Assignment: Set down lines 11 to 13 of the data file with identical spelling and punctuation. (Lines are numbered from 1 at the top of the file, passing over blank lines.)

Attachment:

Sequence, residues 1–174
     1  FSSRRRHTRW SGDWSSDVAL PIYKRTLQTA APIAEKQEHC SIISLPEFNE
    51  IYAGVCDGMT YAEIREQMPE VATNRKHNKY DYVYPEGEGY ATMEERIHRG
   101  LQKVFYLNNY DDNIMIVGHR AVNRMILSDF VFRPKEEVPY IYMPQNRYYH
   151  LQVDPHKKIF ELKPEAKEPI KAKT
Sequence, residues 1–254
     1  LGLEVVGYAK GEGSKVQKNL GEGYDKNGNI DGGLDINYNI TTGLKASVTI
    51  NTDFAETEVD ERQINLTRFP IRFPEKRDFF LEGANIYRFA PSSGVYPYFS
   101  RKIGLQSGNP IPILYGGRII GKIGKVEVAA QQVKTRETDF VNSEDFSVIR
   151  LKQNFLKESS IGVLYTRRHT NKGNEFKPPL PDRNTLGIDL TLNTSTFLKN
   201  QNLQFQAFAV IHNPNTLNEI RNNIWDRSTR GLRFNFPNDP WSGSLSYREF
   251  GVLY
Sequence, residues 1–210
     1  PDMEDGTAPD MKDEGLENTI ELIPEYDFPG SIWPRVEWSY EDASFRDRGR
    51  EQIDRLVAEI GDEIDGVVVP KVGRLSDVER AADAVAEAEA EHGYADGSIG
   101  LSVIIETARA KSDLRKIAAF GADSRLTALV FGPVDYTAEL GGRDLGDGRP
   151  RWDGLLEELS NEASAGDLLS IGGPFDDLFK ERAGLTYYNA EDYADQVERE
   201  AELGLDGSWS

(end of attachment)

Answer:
   201  QNLQFQAFAV IHNPNTLNEI RNNIWDRSTR GLRFNFPNDP WSGSLSYREF
   251  GVLY
Sequence, residues 1–210